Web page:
Boy on a Bike

Charles “Bud” Gibbons (1947– ),  Boy on Bike,  acrylic, 47 x 37 in., acquired 1987, Friends of Art Collection for Pittsburgh Public Schools.

Charles “Bud” Gibbons (1947– ), Boy on Bike, acrylic, 47 x 37 in., acquired 1987, Friends of Art Collection for Pittsburgh Public Schools.

Response By: Eli R.
Pittsburgh artist, Bud Gibbons, advises young people to be creative. Gibbons is an Associated Artist of Pittsburgh, and he teaches at Penn State New Kensington. His painting, “Boy on Bike” was purchased by the Friends of Art. Gibbons has always been inspired by another artist, Winslow Homer. The acrylic painting, “Boy on Bike” has different shades of colors, and it is a big painting so people can look at it and realize it is realistic in style. I believe the boy in the painting looks like he is staring at something like a car or a bird. The boy on the bike in this art work could be the artist as a child. In my opinion I think the artist, Gibbons, wants to express his feelings in this work so people can enjoy looking at it and discussing the painting of a boy on his bike.
Response By: Elom A.
Bud Gibbons, the artist, used paint for this painting. Yes, the media is important for this type of art work because you can show different shapes and light. The genre of this figure painting is realistic. The painting is about a little boy riding a bike on the country road. This boy may be waiting for an oncoming car. I like the painting because it looks real!
Response By: Hassan D.
I don’t really get art. Taking a closer look at Gibbon’s “Boy on Bike,” my impression is that the work is not that important. The canvas is large. The subject is a boy on his bicycle, and yes, it is called a “figure” painting. I don’t think the acrylic is realistic, and to me, it is not the very best work of art I have seen. Again, I don’t really get art! As you can tell by reading my first paragraph, I have little or no feelings about the artist’s work, and it does not appeal to me. The research I read on Bud Gibbons was uninspiring. I’m not good at art, and it bothers me that I’m not talented in art. I don’t know how to change this feeling. I do know that my art teacher tries everything she can to interest me.
Response By: Jaiman W.
Bud Gibbons is a famous artist who lives in Pittsburgh and works at Penn State University New Kensington. The painter, Gibbons, spent a lot of time making the landscape in “Boy on Bike”. In my research about the artist I read that he calls this type of portrait, figure painting, because of the only boy. The painting shows a summer scene and is a very realistic painting. The artist used many colors and a lot of shading in this large work. He made it large for a good view. This acrylic was painted on a sturdy canvas. I think this is a wonderful painting. Gibbons is very creative with acrylic paints. I also think the Friends of Art made a good choice in purchasing this art work for the Pittsburgh Public Schools.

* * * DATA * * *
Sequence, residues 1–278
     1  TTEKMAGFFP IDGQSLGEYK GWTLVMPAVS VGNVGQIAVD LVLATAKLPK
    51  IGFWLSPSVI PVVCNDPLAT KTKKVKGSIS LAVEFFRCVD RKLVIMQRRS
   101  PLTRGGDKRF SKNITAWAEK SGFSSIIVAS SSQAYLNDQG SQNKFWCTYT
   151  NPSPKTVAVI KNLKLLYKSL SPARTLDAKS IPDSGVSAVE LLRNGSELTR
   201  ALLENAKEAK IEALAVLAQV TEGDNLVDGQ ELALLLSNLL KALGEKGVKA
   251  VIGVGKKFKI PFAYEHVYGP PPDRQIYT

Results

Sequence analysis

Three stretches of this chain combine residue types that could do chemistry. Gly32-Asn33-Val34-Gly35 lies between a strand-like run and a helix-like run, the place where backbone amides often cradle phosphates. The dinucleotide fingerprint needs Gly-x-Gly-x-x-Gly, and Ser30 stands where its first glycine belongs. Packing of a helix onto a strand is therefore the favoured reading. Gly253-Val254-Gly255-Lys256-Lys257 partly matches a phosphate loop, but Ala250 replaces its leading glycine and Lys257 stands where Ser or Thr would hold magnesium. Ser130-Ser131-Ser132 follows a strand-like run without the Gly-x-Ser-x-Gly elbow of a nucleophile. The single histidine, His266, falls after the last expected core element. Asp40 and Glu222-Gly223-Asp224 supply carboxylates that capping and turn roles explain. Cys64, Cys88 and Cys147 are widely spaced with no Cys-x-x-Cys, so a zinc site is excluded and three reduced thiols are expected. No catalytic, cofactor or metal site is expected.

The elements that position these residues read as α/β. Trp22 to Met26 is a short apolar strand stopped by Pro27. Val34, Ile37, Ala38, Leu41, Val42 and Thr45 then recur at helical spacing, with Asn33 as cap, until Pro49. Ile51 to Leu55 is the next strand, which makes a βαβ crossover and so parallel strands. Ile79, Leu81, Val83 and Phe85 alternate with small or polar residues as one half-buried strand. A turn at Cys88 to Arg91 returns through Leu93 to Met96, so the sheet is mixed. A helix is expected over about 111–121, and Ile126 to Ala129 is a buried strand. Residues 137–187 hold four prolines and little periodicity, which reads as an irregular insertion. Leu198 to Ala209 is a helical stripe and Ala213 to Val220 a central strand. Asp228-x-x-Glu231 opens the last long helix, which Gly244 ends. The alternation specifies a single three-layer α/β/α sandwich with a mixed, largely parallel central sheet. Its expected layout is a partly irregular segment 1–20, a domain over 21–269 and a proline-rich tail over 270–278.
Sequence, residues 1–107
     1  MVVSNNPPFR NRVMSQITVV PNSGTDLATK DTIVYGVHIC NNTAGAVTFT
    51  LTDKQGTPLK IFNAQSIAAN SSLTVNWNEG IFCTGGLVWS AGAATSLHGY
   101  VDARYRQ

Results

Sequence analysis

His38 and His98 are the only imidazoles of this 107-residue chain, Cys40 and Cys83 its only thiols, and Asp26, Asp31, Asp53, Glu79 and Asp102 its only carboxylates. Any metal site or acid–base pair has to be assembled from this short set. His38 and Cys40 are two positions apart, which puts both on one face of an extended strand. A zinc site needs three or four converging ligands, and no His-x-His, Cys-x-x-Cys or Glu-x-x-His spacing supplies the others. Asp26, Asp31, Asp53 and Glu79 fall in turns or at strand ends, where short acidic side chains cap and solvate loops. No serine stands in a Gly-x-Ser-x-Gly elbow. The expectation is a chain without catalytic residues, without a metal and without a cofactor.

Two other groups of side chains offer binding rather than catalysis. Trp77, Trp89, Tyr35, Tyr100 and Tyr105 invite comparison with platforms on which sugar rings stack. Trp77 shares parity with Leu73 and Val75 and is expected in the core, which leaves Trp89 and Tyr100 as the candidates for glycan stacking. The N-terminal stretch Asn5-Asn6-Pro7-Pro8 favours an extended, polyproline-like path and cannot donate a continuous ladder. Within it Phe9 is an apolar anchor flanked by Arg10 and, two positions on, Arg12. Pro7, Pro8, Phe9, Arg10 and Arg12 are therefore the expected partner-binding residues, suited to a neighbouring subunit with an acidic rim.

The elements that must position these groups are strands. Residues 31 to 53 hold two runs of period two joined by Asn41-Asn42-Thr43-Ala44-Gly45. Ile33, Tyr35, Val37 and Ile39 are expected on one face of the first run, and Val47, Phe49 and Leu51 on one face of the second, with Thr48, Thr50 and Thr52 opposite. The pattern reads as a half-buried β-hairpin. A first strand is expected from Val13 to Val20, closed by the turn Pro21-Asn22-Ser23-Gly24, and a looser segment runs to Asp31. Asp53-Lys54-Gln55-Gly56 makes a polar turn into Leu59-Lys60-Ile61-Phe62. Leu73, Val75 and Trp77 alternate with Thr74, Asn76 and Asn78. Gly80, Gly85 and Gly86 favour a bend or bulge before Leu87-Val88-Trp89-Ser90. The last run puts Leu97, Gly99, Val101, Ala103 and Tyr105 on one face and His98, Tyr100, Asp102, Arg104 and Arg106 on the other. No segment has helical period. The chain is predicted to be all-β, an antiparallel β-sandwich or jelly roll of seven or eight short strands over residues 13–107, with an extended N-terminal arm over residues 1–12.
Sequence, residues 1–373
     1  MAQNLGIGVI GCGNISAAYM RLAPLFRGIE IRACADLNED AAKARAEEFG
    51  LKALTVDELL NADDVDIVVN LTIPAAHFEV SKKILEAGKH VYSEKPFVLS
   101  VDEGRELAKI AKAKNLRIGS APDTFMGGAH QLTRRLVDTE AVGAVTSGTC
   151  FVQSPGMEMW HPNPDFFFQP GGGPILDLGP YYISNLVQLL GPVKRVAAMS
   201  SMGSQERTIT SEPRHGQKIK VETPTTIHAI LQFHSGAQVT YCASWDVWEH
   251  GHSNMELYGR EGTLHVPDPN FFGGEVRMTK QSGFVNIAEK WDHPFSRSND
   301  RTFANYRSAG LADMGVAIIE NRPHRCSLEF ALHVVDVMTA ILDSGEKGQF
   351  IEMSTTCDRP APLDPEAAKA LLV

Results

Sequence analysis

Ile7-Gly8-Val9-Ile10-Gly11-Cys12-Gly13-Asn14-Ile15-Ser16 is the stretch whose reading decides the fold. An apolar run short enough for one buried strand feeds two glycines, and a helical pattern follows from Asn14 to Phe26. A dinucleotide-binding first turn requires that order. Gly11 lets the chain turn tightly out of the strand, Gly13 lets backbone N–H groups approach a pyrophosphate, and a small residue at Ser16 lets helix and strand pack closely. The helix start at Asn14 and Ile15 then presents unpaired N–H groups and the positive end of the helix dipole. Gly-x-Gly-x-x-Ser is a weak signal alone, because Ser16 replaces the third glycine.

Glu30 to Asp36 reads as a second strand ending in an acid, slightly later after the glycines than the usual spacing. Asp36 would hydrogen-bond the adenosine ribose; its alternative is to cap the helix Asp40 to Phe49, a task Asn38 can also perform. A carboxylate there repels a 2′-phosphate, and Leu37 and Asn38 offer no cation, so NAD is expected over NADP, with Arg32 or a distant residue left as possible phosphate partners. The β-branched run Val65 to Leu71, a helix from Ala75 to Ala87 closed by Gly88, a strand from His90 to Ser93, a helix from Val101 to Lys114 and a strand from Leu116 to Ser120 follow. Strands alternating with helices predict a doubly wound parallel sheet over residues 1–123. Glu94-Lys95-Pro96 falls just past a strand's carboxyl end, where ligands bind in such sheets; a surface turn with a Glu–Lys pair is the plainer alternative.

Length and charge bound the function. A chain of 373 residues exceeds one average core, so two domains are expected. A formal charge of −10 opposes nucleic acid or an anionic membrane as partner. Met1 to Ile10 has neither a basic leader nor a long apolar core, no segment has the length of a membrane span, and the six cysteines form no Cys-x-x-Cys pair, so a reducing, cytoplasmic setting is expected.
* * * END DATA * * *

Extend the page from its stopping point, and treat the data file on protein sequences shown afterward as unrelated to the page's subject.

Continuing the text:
In my opinion, I think Gibbons just had an idea about a boy and his bicycle. I don’t think he had a reason to paint this particular portrait.
Response By: Joshua S.
The Pittsburgh artist, Bud Gibbons, works at Penn State University New Kensington campus. He is an art teacher at the University and he is a working artist as well. Gibbons uses acrylic paints for the figure painting of “Boy on Bike” that now hangs in the library of Banksville Elementary School thanks to the Friends of Art. The size of the canvas for this work is very large, and the syle is realistic. The colors appeal to me, and the paint texture on the canvas looks hard.I kind of like this art work, and I think the boy in the painting could be in a town or on a highway; it’s summer, and I really like how Gibbons signed his name in the grass. My personal opinion about this work is that I consider it an awesome painting because the bike looks real, and the boy looks like me! I think the artist’s message might be that summer is a good time to ride a bike, and it is very warm in the summer.